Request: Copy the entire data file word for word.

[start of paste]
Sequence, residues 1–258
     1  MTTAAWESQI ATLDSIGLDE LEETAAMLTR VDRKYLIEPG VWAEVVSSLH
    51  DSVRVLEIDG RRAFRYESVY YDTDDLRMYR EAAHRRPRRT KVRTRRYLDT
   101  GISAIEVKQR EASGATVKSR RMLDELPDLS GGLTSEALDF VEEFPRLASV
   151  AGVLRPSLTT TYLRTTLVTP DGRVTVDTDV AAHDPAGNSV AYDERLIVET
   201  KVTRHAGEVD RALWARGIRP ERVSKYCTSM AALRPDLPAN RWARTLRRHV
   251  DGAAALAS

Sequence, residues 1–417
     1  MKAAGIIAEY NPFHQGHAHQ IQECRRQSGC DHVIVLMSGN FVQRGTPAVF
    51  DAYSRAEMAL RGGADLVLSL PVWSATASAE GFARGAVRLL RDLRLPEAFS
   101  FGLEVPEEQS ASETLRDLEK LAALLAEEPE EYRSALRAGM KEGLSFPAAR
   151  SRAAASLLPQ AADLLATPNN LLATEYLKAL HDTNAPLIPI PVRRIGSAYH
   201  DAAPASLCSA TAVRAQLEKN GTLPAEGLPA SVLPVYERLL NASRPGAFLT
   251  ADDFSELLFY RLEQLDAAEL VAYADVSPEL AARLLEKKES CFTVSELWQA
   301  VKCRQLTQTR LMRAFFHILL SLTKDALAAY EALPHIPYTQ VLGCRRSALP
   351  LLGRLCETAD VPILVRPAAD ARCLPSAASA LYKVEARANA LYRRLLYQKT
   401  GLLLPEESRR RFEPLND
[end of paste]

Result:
Sequence, residues 1–258
     1  MTTAAWESQI ATLDSIGLDE LEETAAMLTR VDRKYLIEPG VWAEVVSSLH
    51  DSVRVLEIDG RRAFRYESVY YDTDDLRMYR EAAHRRPRRT KVRTRRYLDT
   101  GISAIEVKQR EASGATVKSR RMLDELPDLS GGLTSEALDF VEEFPRLASV
   151  AGVLRPSLTT TYLRTTLVTP DGRVTVDTDV AAHDPAGNSV AYDERLIVET
   201  KVTRHAGEVD RALWARGIRP ERVSKYCTSM AALRPDLPAN RWARTLRRHV
   251  DGAAALAS

Sequence, residues 1–417
     1  MKAAGIIAEY NPFHQGHAHQ IQECRRQSGC DHVIVLMSGN FVQRGTPAVF
    51  DAYSRAEMAL RGGADLVLSL PVWSATASAE GFARGAVRLL RDLRLPEAFS
   101  FGLEVPEEQS ASETLRDLEK LAALLAEEPE EYRSALRAGM KEGLSFPAAR
   151  SRAAASLLPQ AADLLATPNN LLATEYLKAL HDTNAPLIPI PVRRIGSAYH
   201  DAAPASLCSA TAVRAQLEKN GTLPAEGLPA SVLPVYERLL NASRPGAFLT
   251  ADDFSELLFY RLEQLDAAEL VAYADVSPEL AARLLEKKES CFTVSELWQA
   301  VKCRQLTQTR LMRAFFHILL SLTKDALAAY EALPHIPYTQ VLGCRRSALP
   351  LLGRLCETAD VPILVRPAAD ARCLPSAASA LYKVEARANA LYRRLLYQKT
   401  GLLLPEESRR RFEPLND